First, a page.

Despite the ground-breaking nature of the proposal, both stakeholders were not shy in pointing out glaring areas of weakness. As Oliver Money-Kyrle summarised: “There is no enforcement mechanism on ownership transparency, there are loopholes in state funding and the powers of the new European Board for Media Services are limited to issuing opinions which can be shrugged off by national regulators that disagree.”
A point of criticism shared by both relates to the EMFA’s provisions on state funding of the media, where they agree that a broader definition of state funding is needed to effectively shield the media from state interference. According to Leon Willems: “We were concerned to see that these obligations only apply for state ‘advertising’, and not for other forms of funding and broader state ‘aid’. The EMFA has missed an opportunity here to address this fundamental issue of media capture through state aid.”
In an increasingly digitalised world, the EMFA also seeks to regulate large online platforms to protect independent journalism and safeguard against arbitrary content removal. However, when asked whether the EMFA’s provisions are far-reaching enough to ensure that quality journalism has a place in today’s digitalised media environment, both the International Press Institute and Free Press Unlimited had a clear response: No. The stakeholders would have welcomed clearer provisions to level the playing field between journalists and platforms, limit the growth of news deserts, and eliminate spaces for disinformation online.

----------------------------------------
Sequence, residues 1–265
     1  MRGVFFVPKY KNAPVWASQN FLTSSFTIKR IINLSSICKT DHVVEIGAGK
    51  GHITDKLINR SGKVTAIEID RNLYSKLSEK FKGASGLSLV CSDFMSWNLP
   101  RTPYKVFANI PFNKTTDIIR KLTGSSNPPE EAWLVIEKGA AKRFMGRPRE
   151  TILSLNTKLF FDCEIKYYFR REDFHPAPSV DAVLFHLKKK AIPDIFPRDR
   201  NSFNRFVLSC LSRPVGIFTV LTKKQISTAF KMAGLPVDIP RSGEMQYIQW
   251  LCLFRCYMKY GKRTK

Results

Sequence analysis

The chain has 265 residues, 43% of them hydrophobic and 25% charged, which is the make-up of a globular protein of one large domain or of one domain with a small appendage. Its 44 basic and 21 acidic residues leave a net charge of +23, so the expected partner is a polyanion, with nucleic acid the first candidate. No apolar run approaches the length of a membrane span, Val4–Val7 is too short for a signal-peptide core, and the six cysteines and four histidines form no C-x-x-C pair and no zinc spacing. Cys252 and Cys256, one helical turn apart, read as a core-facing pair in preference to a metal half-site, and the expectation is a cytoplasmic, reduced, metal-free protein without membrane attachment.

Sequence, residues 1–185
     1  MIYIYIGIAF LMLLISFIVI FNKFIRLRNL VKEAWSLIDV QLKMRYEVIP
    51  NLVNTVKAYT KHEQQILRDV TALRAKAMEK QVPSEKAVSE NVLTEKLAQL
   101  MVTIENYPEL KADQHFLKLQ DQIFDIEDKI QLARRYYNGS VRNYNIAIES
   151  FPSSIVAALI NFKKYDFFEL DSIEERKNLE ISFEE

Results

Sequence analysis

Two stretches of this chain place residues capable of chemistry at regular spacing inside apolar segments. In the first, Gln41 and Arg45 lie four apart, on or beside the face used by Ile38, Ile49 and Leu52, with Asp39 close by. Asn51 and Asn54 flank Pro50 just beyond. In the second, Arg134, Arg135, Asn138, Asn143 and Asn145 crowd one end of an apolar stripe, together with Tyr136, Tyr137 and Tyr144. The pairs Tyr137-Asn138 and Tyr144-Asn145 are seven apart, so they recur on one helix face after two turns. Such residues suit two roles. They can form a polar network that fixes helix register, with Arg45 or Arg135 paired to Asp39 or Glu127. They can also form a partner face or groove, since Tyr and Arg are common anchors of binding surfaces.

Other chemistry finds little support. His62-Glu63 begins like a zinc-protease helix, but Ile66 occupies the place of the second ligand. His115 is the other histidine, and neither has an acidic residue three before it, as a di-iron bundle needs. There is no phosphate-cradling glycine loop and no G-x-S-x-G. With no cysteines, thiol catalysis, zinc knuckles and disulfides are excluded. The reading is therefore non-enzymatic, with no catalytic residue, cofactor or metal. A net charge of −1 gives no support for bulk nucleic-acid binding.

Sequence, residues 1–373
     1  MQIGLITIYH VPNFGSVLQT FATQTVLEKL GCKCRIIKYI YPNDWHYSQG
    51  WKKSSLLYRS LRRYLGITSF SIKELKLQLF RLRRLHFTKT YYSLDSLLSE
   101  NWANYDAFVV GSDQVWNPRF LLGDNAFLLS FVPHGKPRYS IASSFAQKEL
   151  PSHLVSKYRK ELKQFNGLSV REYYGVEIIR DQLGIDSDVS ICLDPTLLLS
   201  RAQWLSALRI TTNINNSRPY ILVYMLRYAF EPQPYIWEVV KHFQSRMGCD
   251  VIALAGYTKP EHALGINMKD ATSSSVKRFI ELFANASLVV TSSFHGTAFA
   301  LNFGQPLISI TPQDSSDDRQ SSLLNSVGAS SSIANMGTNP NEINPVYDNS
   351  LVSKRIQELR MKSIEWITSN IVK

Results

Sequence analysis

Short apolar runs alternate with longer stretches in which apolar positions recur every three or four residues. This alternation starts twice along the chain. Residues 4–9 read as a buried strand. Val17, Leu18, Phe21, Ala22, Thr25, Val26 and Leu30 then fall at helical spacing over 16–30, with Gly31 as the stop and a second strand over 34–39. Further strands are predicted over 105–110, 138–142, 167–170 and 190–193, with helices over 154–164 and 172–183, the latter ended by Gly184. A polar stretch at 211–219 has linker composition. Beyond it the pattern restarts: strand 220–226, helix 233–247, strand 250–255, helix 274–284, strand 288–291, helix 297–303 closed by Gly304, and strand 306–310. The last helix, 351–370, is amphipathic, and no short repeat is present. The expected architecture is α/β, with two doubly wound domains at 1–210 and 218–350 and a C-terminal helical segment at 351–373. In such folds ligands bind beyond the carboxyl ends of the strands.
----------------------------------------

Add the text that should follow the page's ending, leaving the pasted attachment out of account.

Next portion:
The long road to media pluralism and independence ahead
Looking ahead, the European Parliament and the Council of the EU will soon commence their legislative negotiations on the EMFA. In light of the prevailing criticisms from stakeholders, heated discussions and tough negotiations are to be expected. Leon Willems explained: “This is a rather unpredictable process, as there are many joint and vocal stakeholder groups active at the moment, which are against the EMFA in the current form”. Shared concerns also relate to the role of the Member States in the negotiations. They are likely to push back against regulating national media markets. According to Oliver Money-Kyrle, it will consequently be“the Council where the key battles are most likely to be held.”